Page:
Top Tips You Should Read Before Signing up to Ironman

Thinking of signing up for an Ironman, Half Ironman, or Triathlon for 2019? Strength and Conditioning Coach, Andy Page, answers your FAQs.

Want to run your first Ironman, but not sure where to start? These questions are a great place to start. 

If you need any additional support training, or have any questions contact here.

… Where is the best place to start?

Find out a little about your own body. Going into an event like this could take 6 months (or more!) of training, the last thing you want to do is get 1 month to go and have training grind to halt due to an injury or illness. Speaking to a physiotherapist or strength & conditioning coach to get an overview of your injury history and current physical state should be your first consideration. Even if you’ve run or swum for years, these events will test your whole body so being proactive to avoid injury is essential.

…Which one should I try?

Not all events are created equal! Research your event carefully and check the distances match what you can do. Some triathlons are essentially half-ironman events, but not named as such, so always check. Going somewhere sunny may sound attractive – but spending the whole day above 30 degrees when you’ve only trained in the UK could seriously affect your result! A shorter, sprint’ triathlon, based in a location you are comfortable is the best place to start if you’ve never competed before.

…How often should I be training?

I always look at these events in terms of efficiency, just doing more is rarely a great way to train. Maximize your training by structuring your week around what your work and life commitments rather than trying to fit in more training than you can handle. In the beginning, you should be looking at two runs per week, two cycles per week and two swims per week. Split these into a longer session (possibly on the weekend!), and a shorter, more intense session. Adding extra training sessions that are neither hard enough to tire you out in an hour, considerably slower than your race pace, or do not work on a specific technique (e.g. the transition) are just adding to injury risk and not making you any fitter.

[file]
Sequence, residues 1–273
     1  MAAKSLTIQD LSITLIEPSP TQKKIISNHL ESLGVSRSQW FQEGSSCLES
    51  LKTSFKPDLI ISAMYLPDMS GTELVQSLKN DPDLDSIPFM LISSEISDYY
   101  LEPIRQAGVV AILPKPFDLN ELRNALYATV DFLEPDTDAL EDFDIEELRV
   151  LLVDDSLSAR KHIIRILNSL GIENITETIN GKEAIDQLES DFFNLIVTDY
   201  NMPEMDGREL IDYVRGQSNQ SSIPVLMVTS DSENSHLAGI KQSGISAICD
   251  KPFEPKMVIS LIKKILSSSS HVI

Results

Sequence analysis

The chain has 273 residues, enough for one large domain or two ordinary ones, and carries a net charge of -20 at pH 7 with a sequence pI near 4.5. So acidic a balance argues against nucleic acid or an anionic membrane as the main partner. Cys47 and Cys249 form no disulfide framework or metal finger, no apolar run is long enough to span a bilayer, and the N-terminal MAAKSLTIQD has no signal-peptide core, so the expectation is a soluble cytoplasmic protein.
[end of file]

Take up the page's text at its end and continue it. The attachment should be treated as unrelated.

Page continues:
… Should I be thinking about Nutrition?

When you start training you should be attempting to have as much quality protein and carbohydrates as possible. When you increase the demands on your body, you are at most risk of illness or injury, and without adequate carbohydrates, for energy or protein to regenerate muscle damage, you put yourself at far greater risk. Psychologically, restricting calories at this point can have a large impact on your mood and motivation so unless you are practised in training hard on a lean diet, it’s best avoided in the beginning. Day to day I would front-load my meals on light training days – eating a large energy fuelled breakfast and always thinking one day ahead of a big training day, so ensuring I am hydrated and eat a high carb meal the night before.

…Is there anything I could be doing in the gym?

Seeing a Physiotherapist or Strength and Conditioning coach can give some really simple exercises to boost your performance considerably. Movement efficiency and strength in the right areas are a great way to use less energy to do the same movements, keeping you running, swimming and cycling for longer. In terms of time efficiency, one or two gym sessions per week, even at home exercises, can have the greatest impact on your times and risk of injury of any intervention. It is also worth considering adding soft tissue therapy to your training to avoid injure and aid recovery. Read more about the benefits of soft tissue therapy for Ironman training here. 

… I’ve always wanted to try one but I’m a bad swimmer.

Many of us learned to swim at a young age, but have let our technique rust over the years, and the thought of swimming in open water is daunting! Simple technique lessons, such as those run by Immerse Swimming (immerse​.so​.uk) can iron out flaws in your stroke and make the swim section a far easier challenge. Given that it is so technique driven, improving your stroke can dramatically affect your energy levels getting out of the water. If your event is in open water (lake or sea) make sure you prepare accordingly, as it not being able to see in the water and having waves is very different from swimming in a pool!

If you’re ready to enter your first Ironman, why not sign up for our event preparation package to make sure you’re getting the best results and staying injury free.